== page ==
The second thing you want to consider when choosing an anchorage is what the of the ground looks like. Simply put: only sand is great! When we pick our spot for the night, we always make sure that the anchor lands in a nice patch of sand. To help it dig in we always reverse on our anchor and check if it is holding by picking targets on land or watching the chain. If it rattles, moves or shivers – the anchor is probably not getting a good grip. We found that although mud is ok the anchor does slide through it if the wind picks up. It is also important that there are no corals or big rocks around the anchor. The chain can wrap around these and not only precious marine life but also potentially damage the chain. Countless times we have picked our anchor up again if we felt that it wasn’t holding properly or if the chain was rattling. Although you know that half the boats in the anchorage are watching you and wondering what might take you so long to decide where to drop the anchor. For us, it is definitely worth the time and effort. One less thing to worry about. Finally, we always dive on the anchor to check if it dug in properly and the chain is free. And I mean it when I say we do this every single time!
3. Depth and length of chain
Contrary to a what a lot of people may think, if you anchor correctly most of the load is taken by the chain and the anchor keeps it in place. Check this also with other boats around. There should always be quite a bit of chain on the ocean floor. If the chain goes straight down and the anchor is barely dangling on it… something is not right. So, how much chain is the right amount then? As a rule of thumb, you can say that you should put out at least four times the depth of the water plus your freeboard height. That means in 5 meters of water plus 1,5 meters of freeboard (eg. Adhara) you want to have at least 26 meters of chain out. However, you also have to consider how much space you have around you and if there are any other boats. If we have the space we let out more chain. The same goes with the expected wind speeds. The more wind you expect the more chain you should have out.
4. Other boats
Ok, not only do you have to worry about your own anchor and it holding properly but you have to consider the boats around you as well. This is especially true in the Med where anchorages are more crowded and the wind does crazy things at night, spinning boats around in different directions. Also, we found that many boats put out very little chain (I mentioned above, the tip of the anchor barely touching the seafloor. But even 10m of chain in 5m of water is not gonna be enough). If now the wind changes direction boats don’t move the same anymore and sometimes an already crowded anchorage just becomes too tight. We were anchored off Tavolara (a tiny kingdom (not kidding) just off the coast of Sardinia) last summer when suddenly at night katabatic winds of up to 35 knots came blasting down the cliffs. What used to be a very calm night just seconds ago turned into a very stressful experience when all of a sudden, we got too close to a neighbouring boat. We all obviously had different amounts of chain out and when the wind turned, we were right on top of each other.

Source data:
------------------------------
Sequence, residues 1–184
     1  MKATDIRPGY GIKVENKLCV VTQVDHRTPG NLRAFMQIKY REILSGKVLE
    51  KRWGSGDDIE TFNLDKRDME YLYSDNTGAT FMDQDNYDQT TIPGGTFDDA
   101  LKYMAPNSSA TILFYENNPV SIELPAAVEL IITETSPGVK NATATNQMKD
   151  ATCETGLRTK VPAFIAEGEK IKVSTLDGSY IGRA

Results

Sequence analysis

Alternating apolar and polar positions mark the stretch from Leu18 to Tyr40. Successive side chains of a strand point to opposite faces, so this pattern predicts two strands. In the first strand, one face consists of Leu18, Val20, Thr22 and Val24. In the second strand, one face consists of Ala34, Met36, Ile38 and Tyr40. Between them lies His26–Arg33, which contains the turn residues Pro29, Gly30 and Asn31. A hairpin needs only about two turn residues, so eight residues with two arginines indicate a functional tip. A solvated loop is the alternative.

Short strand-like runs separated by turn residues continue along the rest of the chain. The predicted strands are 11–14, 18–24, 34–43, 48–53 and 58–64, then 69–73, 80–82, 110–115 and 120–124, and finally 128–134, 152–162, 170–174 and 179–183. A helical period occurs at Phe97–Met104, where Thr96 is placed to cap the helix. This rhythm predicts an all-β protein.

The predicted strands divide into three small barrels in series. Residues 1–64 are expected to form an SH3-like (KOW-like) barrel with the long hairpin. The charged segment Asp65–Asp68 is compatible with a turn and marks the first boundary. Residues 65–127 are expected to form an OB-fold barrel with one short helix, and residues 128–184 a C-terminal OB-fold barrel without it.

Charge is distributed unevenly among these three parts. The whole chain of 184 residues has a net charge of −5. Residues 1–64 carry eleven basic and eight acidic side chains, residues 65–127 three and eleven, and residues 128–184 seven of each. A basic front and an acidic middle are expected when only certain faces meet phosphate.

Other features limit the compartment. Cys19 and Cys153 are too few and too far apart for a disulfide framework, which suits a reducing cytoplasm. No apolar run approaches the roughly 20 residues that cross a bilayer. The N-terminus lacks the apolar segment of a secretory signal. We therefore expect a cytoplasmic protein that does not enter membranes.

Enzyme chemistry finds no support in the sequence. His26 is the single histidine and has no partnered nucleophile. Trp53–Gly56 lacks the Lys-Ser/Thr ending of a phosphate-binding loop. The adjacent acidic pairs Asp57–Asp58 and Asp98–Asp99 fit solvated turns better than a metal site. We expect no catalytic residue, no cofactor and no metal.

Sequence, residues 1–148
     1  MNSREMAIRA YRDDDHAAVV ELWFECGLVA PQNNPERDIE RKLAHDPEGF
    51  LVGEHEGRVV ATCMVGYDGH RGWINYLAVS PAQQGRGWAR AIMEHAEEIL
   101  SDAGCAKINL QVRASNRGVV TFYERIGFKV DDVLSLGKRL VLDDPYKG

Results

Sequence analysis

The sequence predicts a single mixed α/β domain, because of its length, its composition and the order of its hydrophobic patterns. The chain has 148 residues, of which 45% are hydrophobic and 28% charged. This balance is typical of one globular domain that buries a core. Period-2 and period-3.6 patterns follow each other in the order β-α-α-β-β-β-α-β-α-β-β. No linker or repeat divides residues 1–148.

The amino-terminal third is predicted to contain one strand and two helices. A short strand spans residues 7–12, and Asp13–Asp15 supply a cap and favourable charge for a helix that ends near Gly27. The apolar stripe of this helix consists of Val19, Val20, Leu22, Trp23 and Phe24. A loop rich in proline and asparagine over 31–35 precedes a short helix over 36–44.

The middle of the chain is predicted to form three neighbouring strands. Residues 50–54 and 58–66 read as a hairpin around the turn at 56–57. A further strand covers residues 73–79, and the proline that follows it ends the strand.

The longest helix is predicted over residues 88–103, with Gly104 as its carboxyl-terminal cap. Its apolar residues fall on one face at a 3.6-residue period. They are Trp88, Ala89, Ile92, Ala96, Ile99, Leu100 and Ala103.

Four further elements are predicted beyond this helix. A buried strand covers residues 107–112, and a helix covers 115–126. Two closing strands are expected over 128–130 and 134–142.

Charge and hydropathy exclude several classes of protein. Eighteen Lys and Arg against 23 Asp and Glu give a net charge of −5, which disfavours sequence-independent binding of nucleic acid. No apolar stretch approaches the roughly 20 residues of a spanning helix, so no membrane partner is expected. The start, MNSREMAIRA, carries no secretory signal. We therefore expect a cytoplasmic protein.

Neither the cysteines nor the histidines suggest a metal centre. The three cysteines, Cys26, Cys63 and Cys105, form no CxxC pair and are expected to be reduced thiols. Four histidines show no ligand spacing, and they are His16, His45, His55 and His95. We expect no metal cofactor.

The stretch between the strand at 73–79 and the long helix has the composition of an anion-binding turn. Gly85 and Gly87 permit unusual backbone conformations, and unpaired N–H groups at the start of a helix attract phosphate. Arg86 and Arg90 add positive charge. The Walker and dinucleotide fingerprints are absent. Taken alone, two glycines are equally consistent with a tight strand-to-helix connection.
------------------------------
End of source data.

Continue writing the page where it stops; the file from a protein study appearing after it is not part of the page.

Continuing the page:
We have also watched a few boats dragging their anchor and thus either crashing into other boats or drifting out to sea. A couple of weeks ago we were in the north of Guadeloupe anchored in a bay called Deshaies which can get quite gusty at night. We were sitting in the cockpit and just after the sun had set I saw an anchor light wandering out towards the open sea. We immediately got our flashlight and alarm horn out to try and make people aware of a drifting boat in the anchorage. A superyacht which was anchored further out also blasted their horn (jeeez those things are loud!!) but no one seemed to be on board. So, Jessie and I jumped in our dinghy to try and save the boat. 4 crew members of the big yacht were also on the way to the dragging boat and when we arrived, we agreed that the two of us would head back to shore to try and find the owner while the crew would try and keep the boat from drifting out further. We were just turning around when the lights went on inside the boat and a sleepy guy emerged in the cockpit. Somehow, he managed to sleep through all the noise and movement, bless him even the horn of the Superyacht. Well, I wish I could sleep that well 🙂
So, back to the very beginning of my story: What happened to anchor in Cornwall? Well, it turns out that you should also check that the anchor is properly attached and you should also use a safety wire to keep the shackle from loosening. It took us countless attempts to get our anchor back. The water wasn’t deep but it was really cold and zero visibility. In fact, we asked a guy with an echo sounder to drive across the area where we had lost the anchor. We marked the sport where we thought it might be but it took us another 2 weeks before the weather conditions allowed to go back and try and find it again. A tide of 5 meters and poor visibility don’t make it easier. We already set our minds to the fact that we would probably never retrieve the ancho again but when Jessie took her first attempt to dive down on a spot, she found it and immediately put a line around it. We were so happy that we got our anchor back and, yes we now also keep a spare one on board!
We love the freedom of being on anchor. We can move our home to a new spot whenever we want, be all to ourselves or among other cruisers, go close to nice dive spots or beautiful beaches. Life is good on the hook!